The owners attribute part of the store’s warm reception to New Orleanians’ willingness to try new things. But even they have been surprised at how far that culinary experimentation extends. “For me it was always a question of certain things that appeal to the French palate that may not appeal to the American palate,” says Hardie. “So we took some risks early on with some products.” One surprise hit has been the Coquelicot de Nemours, a poppy-flavored hard candy. “I thought, ‘Really? Poppy? People aren’t going to eat flowers,’” recalls Hardie. “It just took off, and we sold out of it.”

Sampling is a big part of the in-store shopping experience. Larriviere and Hardie have found that Americans do not share the French fondness for hard candies, for example, so encouraging customers to sample those products (instead of heading right for the chocolates) has yielded positive results. “Once they get the flavor, they are hooked,” says Larriviere. “I feel like I’m sharing a secret with somebody who otherwise might not have ever taken a chance on these.”


Exclusive offerings
 

Larriviere and Hardie firmly believe that the ability to offer authentic French products, rather than Americanized versions of them, is what sets their store apart from other confectioners in town, as well as the commitment to sharing the tradition and history behind the items. Both owners take pride in the pedigree and uniqueness of their products – many carry the French government’s EPV designation of excellence.

A number of the products at La Rivière are not available anywhere else in the United States, a distinction of which Larriviere is “humbly proud.” To import these products from France, Larriviere and Hardie often help producers navigate the complex process of gaining FDA approval. “The rules are always changing,” says Larriviere, “so we have to stay abreast of that.”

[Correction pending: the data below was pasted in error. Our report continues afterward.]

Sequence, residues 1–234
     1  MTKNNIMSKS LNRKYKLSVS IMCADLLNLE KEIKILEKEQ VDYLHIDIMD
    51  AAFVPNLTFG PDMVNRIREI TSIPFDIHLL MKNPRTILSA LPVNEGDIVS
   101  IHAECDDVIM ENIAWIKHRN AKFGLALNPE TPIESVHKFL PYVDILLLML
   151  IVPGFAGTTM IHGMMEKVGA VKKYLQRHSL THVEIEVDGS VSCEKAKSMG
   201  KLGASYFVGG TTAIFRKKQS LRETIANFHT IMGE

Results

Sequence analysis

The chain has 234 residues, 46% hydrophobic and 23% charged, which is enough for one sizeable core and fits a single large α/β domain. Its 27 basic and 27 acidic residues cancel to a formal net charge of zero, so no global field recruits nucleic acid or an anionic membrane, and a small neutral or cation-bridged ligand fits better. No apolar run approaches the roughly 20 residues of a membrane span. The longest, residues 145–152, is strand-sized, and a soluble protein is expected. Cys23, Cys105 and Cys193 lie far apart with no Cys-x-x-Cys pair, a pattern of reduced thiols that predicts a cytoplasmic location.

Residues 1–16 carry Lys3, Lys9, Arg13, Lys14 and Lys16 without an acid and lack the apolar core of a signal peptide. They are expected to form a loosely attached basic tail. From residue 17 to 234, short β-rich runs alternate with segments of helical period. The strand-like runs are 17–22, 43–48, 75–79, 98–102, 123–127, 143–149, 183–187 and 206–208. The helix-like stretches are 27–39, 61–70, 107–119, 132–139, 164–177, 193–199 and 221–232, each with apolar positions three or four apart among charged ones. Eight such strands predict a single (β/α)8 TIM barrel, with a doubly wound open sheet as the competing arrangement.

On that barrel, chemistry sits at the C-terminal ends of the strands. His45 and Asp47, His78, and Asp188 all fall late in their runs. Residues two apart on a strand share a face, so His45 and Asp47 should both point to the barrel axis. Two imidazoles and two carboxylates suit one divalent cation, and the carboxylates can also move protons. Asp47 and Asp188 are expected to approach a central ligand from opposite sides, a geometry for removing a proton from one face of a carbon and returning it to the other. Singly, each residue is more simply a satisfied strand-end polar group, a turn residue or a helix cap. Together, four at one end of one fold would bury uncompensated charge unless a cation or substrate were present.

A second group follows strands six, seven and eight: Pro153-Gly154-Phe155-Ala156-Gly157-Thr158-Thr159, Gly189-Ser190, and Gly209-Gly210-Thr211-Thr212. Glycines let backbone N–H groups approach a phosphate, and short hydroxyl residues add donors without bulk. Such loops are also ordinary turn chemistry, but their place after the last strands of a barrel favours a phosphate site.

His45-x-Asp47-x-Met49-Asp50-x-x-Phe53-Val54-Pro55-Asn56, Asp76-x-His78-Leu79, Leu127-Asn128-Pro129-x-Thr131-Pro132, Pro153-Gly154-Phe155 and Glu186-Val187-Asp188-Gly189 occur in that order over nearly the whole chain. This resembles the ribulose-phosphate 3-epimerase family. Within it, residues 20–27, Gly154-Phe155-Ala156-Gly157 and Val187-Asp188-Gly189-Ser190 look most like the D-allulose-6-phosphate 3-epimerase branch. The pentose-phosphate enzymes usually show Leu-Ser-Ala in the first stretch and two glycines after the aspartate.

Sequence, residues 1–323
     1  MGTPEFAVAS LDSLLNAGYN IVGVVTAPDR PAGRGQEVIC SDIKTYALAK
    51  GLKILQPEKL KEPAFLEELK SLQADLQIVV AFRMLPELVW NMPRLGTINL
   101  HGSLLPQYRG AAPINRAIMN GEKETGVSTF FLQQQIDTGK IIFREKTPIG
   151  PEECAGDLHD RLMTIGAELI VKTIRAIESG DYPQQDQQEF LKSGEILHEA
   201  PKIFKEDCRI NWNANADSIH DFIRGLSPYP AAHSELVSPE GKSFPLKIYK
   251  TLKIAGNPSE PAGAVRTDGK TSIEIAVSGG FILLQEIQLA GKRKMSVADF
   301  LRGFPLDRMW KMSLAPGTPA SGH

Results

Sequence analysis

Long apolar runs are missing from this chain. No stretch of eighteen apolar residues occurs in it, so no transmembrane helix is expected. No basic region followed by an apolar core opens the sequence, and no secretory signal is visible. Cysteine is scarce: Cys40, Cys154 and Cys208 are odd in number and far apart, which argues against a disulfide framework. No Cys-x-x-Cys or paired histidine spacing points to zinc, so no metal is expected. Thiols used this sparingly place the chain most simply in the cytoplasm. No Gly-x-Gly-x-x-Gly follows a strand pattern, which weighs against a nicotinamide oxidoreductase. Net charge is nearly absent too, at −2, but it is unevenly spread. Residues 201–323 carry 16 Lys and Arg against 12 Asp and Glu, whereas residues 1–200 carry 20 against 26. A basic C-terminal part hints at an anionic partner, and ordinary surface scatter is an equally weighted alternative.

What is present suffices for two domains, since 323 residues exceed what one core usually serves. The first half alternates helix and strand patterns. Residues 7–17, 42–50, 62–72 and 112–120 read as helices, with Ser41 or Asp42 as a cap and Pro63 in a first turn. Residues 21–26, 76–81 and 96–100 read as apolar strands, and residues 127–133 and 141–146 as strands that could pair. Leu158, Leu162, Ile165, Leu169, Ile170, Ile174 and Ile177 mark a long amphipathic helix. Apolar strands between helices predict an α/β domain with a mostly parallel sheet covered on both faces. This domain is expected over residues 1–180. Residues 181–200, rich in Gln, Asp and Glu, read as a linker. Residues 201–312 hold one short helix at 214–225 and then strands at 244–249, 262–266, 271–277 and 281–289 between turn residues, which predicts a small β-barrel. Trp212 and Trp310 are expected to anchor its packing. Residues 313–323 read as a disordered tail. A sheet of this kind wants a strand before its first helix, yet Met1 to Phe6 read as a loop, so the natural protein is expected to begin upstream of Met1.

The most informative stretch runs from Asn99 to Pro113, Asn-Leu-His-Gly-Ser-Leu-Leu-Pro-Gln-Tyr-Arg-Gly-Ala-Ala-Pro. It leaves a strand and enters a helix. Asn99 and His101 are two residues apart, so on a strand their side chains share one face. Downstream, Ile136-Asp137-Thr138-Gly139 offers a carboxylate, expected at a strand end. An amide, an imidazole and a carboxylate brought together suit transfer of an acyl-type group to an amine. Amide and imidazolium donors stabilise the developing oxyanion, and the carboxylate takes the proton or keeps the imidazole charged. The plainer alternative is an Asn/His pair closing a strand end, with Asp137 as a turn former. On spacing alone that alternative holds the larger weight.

One such vendor is the confectioner Henri Le Roux, which operates boutiques in France and Japan. La Rivière is the first U.S. outlet to carry their products. Larriviere worked over a long period of time to cultivate this relationship and “the understanding that there needs to be trust in my representation of their products, that they are presented well,” she says. “I don’t think necessarily that these products want to be mass marketed.”


Expanding the menu
 

As the store has evolved, so have its offerings. La Rivière now carries an épicerie line with savory products such as tapenades, mustards and olive oils. They also carry a small selection of French tableware, napkins and decor.

But the biggest part of the expansion is the opening of a small patisserie in the back of the shop, a place for customers to enjoy authentic French coffee and tea as well as pastries made by local bakers committed to following classical French methods of production. This will include baguettes from producers like La Boulangerie (which Hardie and Larriviere consider the most authentically French in town) and pastries such as the financier, which are ubiquitous in France but less commonly found in the U.S.

“Part of our vision is for La Rivière to become a destination for the neighborhood, so the kids pop in after school and get something from the candy bar, and with the opening of the patisserie, it becomes a place for neighbors to stroll in and sit down with a cup of coffee or in the evening to pop by and grab a baguette on their way home,” says Hardie. “We’re already doing a lot of sampling in the store, so why not expose our customer base to more and different French products?”

In conjunction with the opening of the patisserie, the store will broaden its reach by launching a new website for online shopping. “We have a lot of ideas about how we want to expand the business, but we want to do that very deliberately,” says Hardie. “With the patisserie coming on line, that’s where a lot of our energy will be focused, but the confiserie will always be the heart and soul of La Rivière, because that’s where everything got started. Everything else is meant to embellish what’s going to be happening in this room.”
 



Did you know?


La Rivière’s products are rich in history

• The original praline looked little like the one New Orleanians know and love today. The Prasline de Montargis (shown above) was created in 1636 by the chef of the Duke du Plessis-Praslip for the ladies of the court of Louis XIII. Unlike our soft, round, pecan pralines, the original version contained an almond coated in crispy caramelized sugar. After the recipe traveled with the Creoles to the southern United States, almonds were replaced by the more readily available pecans, plus cane sugar for sweetness and cream or milk for a softer texture.

• The financier’s origins lie in a medieval cake recipe that was tweaked by a baker working in the stock exchange area of Paris around the turn of the 20th century. He wanted to create something that his banker and stockbroker customers could eat without getting their suits dirty, and he made it in the shape of a gold bar.